According to the Cleveland Clinic, a hysterectomy is the surgical removal of the uterus and, most likely, the cervix. The surgery can also include the removal of surrounding organs and tissues such as the fallopian tubes and ovaries.
It is also the second-most common surgery performed among women, following a Cesarean section, or abdominal child delivery, as per Cleveland Clinic.
Finding Support During a Cancer Battle
Support is essential during one’s battle with cancer, like the support Bird’s mom offer through her “scary” tumor journey, and health struggles bringing people together is something survivors have shared with us over the years.
Breast cancer survivor Melissa Berry previously told SurvivorNet, In some ways [cancer] can bring people together, it can make you much stronger, or it can weaken a relationship.”
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“She’s just always there for me whenever something goes wrong,” Melissa’s daughter Erica told us about her mother. “And I think we’re both there for each other.”
For any mother who has a daughter, you know that your bond is unbreakable. When Erica was 7 years old, she learned her mom had cancer; Melissa was 42 years old and had been diagnosed with triple-negative breast cancer.
Breaking the news to your child that you have cancer can be hard for any parent, but for Erica and Melissa, it was a bonding experience. One morning, Melissa’s head was itching from the chemotherapy treatments; she couldn’t take it anymore, so she decided to shave her head.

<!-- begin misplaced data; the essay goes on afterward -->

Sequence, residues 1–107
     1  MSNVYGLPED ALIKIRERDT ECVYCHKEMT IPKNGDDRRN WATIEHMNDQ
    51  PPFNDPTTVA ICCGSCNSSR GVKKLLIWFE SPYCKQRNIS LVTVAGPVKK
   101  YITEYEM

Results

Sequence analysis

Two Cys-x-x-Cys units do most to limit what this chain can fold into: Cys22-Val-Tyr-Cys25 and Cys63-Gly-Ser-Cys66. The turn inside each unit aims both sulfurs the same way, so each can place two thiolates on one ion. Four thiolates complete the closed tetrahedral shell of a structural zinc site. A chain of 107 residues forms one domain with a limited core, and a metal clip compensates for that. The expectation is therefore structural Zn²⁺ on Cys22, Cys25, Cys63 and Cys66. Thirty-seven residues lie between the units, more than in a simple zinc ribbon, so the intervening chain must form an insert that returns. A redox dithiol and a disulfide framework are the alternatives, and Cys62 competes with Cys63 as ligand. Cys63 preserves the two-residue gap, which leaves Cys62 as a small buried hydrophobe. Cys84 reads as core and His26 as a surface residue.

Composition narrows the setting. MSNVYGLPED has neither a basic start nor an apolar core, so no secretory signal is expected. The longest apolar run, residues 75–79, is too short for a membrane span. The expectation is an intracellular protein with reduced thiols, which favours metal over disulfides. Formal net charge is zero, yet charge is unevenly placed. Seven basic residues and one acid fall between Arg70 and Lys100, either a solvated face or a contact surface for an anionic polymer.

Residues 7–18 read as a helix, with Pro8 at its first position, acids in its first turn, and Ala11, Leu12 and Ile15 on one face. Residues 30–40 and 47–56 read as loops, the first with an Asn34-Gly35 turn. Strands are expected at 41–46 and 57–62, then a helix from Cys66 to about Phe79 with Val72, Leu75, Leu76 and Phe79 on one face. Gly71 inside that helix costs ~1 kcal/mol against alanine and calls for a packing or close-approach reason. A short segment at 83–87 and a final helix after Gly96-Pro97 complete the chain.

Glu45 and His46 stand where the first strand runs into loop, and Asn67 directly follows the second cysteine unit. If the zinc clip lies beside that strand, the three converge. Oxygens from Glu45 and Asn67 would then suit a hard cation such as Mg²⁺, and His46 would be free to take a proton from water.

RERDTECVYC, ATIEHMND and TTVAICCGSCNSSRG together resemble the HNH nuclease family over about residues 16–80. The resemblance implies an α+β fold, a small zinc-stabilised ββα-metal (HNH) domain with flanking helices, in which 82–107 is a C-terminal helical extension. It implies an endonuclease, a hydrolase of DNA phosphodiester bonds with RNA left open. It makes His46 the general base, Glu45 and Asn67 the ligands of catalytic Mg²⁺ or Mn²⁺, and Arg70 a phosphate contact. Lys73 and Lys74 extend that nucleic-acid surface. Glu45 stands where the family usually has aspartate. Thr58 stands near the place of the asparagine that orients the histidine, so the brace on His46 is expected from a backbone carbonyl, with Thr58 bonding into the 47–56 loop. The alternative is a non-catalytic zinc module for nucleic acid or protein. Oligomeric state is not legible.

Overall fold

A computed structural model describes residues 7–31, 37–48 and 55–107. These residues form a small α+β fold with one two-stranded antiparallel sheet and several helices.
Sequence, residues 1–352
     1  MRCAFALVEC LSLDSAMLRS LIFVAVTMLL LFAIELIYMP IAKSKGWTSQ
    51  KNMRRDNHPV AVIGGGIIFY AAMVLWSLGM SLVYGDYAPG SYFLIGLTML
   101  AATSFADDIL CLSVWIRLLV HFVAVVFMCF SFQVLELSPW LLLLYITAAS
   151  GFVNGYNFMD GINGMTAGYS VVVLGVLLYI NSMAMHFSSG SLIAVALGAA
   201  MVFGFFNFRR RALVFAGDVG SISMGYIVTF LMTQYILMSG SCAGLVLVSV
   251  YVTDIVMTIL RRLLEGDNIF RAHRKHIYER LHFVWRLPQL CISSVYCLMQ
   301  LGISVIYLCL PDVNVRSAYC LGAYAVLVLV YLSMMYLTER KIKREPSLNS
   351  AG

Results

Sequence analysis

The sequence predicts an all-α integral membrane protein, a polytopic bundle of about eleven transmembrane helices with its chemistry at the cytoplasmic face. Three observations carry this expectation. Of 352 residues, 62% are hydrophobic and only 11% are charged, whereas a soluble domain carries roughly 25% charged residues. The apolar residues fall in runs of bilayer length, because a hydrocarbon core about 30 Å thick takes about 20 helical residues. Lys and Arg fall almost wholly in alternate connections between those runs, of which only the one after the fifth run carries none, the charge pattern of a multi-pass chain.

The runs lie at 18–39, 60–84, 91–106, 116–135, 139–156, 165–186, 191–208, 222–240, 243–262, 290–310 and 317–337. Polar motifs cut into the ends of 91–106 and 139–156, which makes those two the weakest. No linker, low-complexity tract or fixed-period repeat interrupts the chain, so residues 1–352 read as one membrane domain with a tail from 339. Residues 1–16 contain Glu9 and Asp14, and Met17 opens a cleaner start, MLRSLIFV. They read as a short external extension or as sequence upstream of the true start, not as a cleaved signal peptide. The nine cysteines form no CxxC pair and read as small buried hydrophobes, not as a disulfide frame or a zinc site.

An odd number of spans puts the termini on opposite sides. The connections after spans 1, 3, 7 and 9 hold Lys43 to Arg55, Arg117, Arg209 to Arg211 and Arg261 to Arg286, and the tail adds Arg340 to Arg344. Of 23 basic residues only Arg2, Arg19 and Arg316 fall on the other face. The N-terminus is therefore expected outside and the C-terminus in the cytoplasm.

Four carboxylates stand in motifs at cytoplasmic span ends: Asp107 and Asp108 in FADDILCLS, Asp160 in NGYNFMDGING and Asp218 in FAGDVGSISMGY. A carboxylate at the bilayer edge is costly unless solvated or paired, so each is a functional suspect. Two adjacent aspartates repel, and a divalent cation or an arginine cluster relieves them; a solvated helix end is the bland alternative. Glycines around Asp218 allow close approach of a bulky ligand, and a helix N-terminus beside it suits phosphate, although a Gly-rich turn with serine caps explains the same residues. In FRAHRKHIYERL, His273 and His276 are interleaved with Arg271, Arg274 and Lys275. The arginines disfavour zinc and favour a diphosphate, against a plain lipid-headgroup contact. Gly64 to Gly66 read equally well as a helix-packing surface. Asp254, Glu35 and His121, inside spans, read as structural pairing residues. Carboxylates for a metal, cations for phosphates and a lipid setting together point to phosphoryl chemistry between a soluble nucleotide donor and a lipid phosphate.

Erica was thinking about becoming a hairdresser at the time, so when she witnessed her mother shaving her head in their bathroom, it was a dream come true. She happily helped her mother shave her head, who has since recovered from the cancer.
“It was the first big step that she really took in her whole journey,” Erica said. “It was cool to be a part of it with her.”
Turning to Faith During a Cancer Journey
For some people like Bird Brown, turning to faith can be a great way to keep spirits high when cancer starts taking an emotional and/or physical toll. New York City Presbyterian Pastor Tom Evans previously spoke with SurvivorNet about the importance of find ways to cope with the complex web of feelings you may be experiencing after a cancer diagnosis.